This CD cover image released by Parlophone Records shows "Ghost Stories," by Coldplay.
This CD cover image released by Parlophone Records shows "Ghost Stories," by Coldplay. (AP Photo/Parlophone Records)

Coldplay — “Ghost Stories”

“Ghost Stories” opens and closes with what an angelic choir of voices — ghosts from beyond the void, presumably, or the spirits of a relationship now in the past. But despite all the emotional gravitas and metaphysical significance Coldplay wishes to impart with this album, the tunes are too flat to hit home at their best and perilously teetering over the edge of plagiarism at their worst. At least once upon a time there was a sense that Coldplay's “borrowing” from other musicians had the noble purpose of crafting a unique sonic. But the only ghosts on “Ghost Stories” are the ones of a band that's now left the building. — Brice Ezell

Jolie Holland — “Wine Dark Sea”

Produced by Holland, “Wine Dark Sea” is a triumph of artistic growth and ambition. Its players both complement and compete with Holland and one another. Afforded both the space and license to come and go at will, such fearlessness on the part of Holland is the album's greatest asset. Such an endeavor in lesser hands would be a cobbled patchwork of styles rather than a keen fusion of disparate forms. With “Wine Dark Sea” Holland has put her own enduring stamp on American music. — Eric Risch

Conor Oberst — “Upside Down Mountain”

Bright Eye's frontman Conor Oberst's “Upside Down Mountain” doesn't take too many chances and, while I'm usually all for evolution, this is a good thing for Conor Oberst. He's seemed a little off course lately … and revisiting the past is never a bad choice when searching for answers. Especially when it feels like such an effortless transition. — Scott Recker

Oasis — “Definitely Maybe (Remastered Deluxe Edition)”

Released four months after Blur's “Parklife,” Oasis' “Definitely Maybe” is an album that is built almost entirely on swagger. As one of the most memorable opening salvos in rock history, “Rock ‘n' Roll Star” simultaneously served as the group's manifesto as well as an oracle of things to come: The group actually became rock stars in part due to that song. While Damon Albarn and Jarvis Cocker were dissecting different parts of British class structure with sharp insight and wit, Noel Gallagher espoused the virtues of sex, booze, and rock ‘n' roll. — Evan Sawdey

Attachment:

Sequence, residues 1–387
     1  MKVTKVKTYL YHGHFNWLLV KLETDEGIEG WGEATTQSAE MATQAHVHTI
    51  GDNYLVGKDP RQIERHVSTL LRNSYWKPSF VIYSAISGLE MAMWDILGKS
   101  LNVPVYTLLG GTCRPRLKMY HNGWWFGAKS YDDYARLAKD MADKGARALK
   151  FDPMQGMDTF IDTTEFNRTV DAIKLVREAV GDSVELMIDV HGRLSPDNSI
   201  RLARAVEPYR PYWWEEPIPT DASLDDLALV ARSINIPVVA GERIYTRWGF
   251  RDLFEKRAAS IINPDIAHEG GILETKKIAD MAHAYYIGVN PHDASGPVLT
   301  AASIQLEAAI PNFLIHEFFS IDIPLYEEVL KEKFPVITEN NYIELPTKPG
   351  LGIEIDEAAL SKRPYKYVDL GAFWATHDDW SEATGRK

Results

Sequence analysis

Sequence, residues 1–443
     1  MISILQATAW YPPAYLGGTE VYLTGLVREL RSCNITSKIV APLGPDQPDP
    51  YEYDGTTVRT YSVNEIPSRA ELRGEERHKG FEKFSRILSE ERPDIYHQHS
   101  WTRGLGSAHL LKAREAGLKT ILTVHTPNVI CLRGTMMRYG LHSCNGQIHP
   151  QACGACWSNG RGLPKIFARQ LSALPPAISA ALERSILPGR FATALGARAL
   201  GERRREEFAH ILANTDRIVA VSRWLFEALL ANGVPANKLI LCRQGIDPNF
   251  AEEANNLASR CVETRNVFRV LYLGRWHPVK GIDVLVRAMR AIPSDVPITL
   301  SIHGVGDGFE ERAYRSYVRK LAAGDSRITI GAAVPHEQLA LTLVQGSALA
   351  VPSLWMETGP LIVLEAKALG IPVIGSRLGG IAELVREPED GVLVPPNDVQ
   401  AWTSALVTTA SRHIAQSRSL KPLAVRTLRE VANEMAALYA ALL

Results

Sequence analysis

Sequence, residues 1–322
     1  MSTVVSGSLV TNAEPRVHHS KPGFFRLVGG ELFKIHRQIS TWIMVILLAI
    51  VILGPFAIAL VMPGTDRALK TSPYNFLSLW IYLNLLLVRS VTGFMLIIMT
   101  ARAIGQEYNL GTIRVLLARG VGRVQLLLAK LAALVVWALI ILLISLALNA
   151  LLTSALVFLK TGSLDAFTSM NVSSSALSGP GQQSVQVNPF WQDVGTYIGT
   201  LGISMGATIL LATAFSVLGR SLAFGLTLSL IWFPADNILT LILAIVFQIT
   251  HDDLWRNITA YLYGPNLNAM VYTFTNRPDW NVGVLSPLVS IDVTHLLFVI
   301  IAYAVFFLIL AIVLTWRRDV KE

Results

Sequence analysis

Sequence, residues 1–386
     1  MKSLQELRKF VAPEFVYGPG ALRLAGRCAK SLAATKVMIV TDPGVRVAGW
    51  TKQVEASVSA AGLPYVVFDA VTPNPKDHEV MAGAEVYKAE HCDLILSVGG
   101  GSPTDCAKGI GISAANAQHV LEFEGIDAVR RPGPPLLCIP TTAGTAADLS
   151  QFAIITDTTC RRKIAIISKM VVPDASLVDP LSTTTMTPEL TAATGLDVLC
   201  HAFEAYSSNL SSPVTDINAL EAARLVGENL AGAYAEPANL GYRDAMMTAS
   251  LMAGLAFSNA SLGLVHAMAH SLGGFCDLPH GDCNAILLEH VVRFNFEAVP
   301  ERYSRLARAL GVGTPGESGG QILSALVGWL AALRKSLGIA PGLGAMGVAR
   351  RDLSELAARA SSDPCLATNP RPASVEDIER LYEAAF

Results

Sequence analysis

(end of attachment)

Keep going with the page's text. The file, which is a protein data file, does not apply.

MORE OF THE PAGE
Other notable releases this week:

Archie Bronson Outfit — “Wild Crush”

Syd Arthur — “Sound Mirror”

Haley Bonar — “Last War”

Chatham County Line — “Tightrope”

The Flaming Lips — “7 Skies H3”

Billy Joel — “A Matter of Trust – The Bridge to Russia”

LCD Soundsystem — “The Long Goodbye: LCD Soundsystem Live at Madison Square Garden”

Mr. Scruff — “Friendly Bacteria”

Plaid — “Reachy Prints”

Gruff Rhys — “American Interior”

Yann Tiersen — “8”

Trans Am — “Volume X”



Lonesome Shack — “More Primitive” (album stream)

Seattle's Lonesome Shack return with more down home bluesy sounds on their new LP, “More Primitive.” Lonesome Shack may be from the Pacific Northwest, but they sound like a great swamp blues band from the Southern regions of the US. The grooves are relaxed as are the vocals, suggesting the soundtrack to a lazy, hot summer day with just a little angst in the air, lingering a little beyond reach. It's a great sound that, in places, recalls some of Lynyrd Skynyrd's more stripped down, rootsy recordings. Singer / songwriter Ben Todd tells us that, ““More Primitive” was recorded and mixed by our friend Johnny Goss in his home studio, Dandelion Gold, with a live first-take approach. Johnny captured our sound with more clarity and depth than we've had on our previous, self-produced recordings.” — Sarah Zupko


The Everymen — ‘Givin' Up on Free Jazz' (album stream)

This is as populist as a rock party gets, and yet despite the common tropes the band visits (and revisits), the emotions still feel specific and dig almost as deep as the hooks do. Expanding from a core pairing of Mike Venutolo-Mantovani and Catherine Herrick to a full-on nine-piece act, the Everymen's latest effort runs the gamut of retro-y rock styles, with a good humored camaraderie that they're enjoying what they do holding it all together. — Arnold Pan




Rebirth Brass Band — “Rebirth Groove” (audio)